Board to Hear Grocery Store-Related Proposal for Crystal City

by ARLnow.com September 22, 2010 at 12:38 pm 5,459 19 Comments

It’s a rather unglamorous item on Saturday’s county board agenda, but behind the mundane particulars of a site plan amendment to turn retail space into office space is an issue near and dear to the hearts of many Crystal City residents: the potential for a neighborhood grocery store.

The firm that operates the underground shops at 2100 Crystal Drive wants to take 5,661 square feet of open retail space and convert it to office and storage use. But that would come at the expense of a vacant 17,919 square foot space that, until 2005, housed a Safeway store. The landlord has been trying to find another grocery tenant, but has been fighting a strong headwind caused by the weak national economy and the imminent departure of 13,000 jobs from the Crystal City area.

Essentially, the request to convert vacant space to an office use is a white flag — an admission that after five years of trying to market the space to grocery stores, leasing agents have come to the conclusion that no one wants to run a 17,919 square foot grocery store in the Crystal City underground at this time. While keeping open the possibility of a smaller, Trader Joe’s-sized market, the landlord is trying to find a way — any way — to productively fill some of the excess space.

But the county board may not allow that to happen. County staff is recommending that the site plan amendment be denied and that the space remain open for a potential grocery store. While acknowledging the difficulty in finding a suitable tenant, staff argues that it’s important to “retain the potential for a use that would activate the public realm and/or have a higher value to the community.”

County staff concludes that the space should be retained for retail or for “civic and culturally-oriented uses.” Besides, staff notes, BRAC will leave plenty of vacant office space for the landlord’s potential 5,661 square foot tenant.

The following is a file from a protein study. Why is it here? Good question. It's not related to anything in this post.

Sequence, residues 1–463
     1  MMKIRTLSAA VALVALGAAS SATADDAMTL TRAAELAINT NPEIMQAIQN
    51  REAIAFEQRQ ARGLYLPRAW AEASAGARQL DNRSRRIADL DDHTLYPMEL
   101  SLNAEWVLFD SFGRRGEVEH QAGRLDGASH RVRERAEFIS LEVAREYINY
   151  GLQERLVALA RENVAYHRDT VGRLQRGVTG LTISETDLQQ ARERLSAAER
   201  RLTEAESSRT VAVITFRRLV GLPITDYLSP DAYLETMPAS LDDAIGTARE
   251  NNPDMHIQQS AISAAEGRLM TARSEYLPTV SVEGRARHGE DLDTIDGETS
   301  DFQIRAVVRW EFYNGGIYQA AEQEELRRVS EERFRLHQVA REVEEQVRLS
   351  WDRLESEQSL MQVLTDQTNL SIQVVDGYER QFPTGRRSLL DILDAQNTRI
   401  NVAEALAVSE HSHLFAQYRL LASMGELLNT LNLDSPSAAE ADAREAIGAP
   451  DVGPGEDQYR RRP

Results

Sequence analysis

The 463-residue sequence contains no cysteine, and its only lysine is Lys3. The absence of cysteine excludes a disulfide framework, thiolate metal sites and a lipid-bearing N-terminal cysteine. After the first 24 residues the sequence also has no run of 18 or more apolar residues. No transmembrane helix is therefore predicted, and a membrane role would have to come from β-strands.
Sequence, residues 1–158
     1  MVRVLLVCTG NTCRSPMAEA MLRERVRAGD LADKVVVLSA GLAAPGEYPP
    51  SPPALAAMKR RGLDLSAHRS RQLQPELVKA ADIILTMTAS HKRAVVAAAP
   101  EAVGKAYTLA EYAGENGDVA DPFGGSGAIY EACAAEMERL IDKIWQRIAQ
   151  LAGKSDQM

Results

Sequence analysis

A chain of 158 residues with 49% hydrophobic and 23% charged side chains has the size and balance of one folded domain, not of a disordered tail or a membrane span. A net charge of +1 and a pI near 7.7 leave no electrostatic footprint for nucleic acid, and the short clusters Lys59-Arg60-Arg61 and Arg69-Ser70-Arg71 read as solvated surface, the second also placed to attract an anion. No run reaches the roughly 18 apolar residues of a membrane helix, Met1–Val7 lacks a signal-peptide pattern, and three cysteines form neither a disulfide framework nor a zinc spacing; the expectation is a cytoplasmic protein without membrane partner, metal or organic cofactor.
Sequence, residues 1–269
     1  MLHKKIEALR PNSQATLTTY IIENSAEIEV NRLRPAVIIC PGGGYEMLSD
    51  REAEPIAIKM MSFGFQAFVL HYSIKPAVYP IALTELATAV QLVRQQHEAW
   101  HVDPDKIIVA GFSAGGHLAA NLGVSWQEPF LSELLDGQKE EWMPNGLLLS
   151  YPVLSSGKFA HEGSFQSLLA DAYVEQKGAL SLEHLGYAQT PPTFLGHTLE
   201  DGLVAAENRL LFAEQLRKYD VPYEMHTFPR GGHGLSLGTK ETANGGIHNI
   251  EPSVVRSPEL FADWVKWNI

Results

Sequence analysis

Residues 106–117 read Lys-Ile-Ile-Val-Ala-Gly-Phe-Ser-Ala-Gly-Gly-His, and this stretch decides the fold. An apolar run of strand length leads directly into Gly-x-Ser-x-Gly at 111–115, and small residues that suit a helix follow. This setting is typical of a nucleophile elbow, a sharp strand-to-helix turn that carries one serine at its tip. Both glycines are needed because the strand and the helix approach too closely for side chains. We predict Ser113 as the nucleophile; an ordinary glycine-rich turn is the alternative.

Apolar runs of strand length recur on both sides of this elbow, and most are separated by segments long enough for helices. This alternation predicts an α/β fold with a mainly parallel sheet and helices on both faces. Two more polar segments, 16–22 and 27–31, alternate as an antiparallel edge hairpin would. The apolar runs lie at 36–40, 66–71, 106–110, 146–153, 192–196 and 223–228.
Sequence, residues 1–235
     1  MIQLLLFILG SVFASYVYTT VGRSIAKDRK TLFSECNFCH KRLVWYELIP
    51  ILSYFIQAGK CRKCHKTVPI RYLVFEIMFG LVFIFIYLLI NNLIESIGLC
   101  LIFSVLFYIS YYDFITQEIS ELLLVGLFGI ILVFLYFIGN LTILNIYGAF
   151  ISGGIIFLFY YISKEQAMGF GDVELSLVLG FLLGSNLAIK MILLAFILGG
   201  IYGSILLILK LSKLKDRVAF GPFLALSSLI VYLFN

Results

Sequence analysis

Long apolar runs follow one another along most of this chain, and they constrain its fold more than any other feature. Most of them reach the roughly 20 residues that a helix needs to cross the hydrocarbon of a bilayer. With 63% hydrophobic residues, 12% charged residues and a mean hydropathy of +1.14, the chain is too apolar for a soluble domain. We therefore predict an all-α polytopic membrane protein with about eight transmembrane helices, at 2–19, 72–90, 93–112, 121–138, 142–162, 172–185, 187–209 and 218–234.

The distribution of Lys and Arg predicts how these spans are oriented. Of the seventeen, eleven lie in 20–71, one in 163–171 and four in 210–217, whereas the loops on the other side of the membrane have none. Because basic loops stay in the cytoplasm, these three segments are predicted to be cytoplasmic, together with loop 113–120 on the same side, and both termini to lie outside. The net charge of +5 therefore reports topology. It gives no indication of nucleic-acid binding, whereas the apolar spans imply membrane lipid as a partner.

The board is expected to take up the matter on Saturday. Then, on Tuesday, an item with far wider-reaching consequences will be considered: the 40-year Crystal City Sector Plan.

  • Lou

    How much civic or culturally oriented use does the County get out of vacant space? I hope the Board applies some common sense and goes against staff.

    • Judy Landgar

      Like the article said, there already is plenty of vacant office space in CC. If the landlord actually has a tenant (doubtful), there are dozens of other spots they can locate nearby.

      • Lou

        They have a tenant. They’re not doing this just because they’re bored.

        • Judy Landgar

          No, they’re doing it because they are greedy.

          • Lou

            If greed was their motivation, they would just put the tenant in one of the dozens of other locations you referenced.

    • Burger

      Considering there are two other grocery store options that are pretty close and one reason why the landlord is likely having difficulty filling the space. Safeway closed 5 years ago. When did the HT open up in Pentagon City – 6-7 years ago. Not shocking that Safeway was put out of business when compared to the HT.

  • YTK

    What happened to the Safeway that used to be there — it’s GONE?? As a new Yorker I find it REALLY STRANGE that an area with SO MANY residents does not have a local grocery store!!! I thought Arligton County was promoting the use of less fuel — why drive when there is a store you can WALK to!!!!

    • Thes

      YTK you may be interested to know that “Arlington County” does have actually have a clear policy favoring, essentially, as many grocery stores as possible.


      Unfortunately (well, not unfortunately, but realistically), the County government can neither run its own grocery store at this location, nor force a grocery store operator into the location by force. Mostly what the government can do is make agreements with big landlords with lots of tenants to set aside some space in their projects for a grocery store (often the County will grant a landlord extra rentable density to compensate).